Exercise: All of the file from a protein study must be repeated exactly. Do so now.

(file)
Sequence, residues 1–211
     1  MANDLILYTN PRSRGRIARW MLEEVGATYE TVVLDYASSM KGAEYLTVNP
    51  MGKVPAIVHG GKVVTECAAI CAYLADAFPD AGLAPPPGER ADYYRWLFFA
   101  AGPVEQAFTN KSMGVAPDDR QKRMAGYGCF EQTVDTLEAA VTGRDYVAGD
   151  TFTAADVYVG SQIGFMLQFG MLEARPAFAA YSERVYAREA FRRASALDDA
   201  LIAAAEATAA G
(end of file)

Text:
Sequence, residues 1–211
     1  MANDLILYTN PRSRGRIARW MLEEVGATYE TVVLDYASSM KGAEYLTVNP
    51  MGKVPAIVHG GKVVTECAAI CAYLADAFPD AGLAPPPGER ADYYRWLFFA
   101  AGPVEQAFTN KSMGVAPDDR QKRMAGYGCF EQTVDTLEAA VTGRDYVAGD
   151  TFTAADVYVG SQIGFMLQFG MLEARPAFAA YSERVYAREA FRRASALDDA
   201  LIAAAEATAA G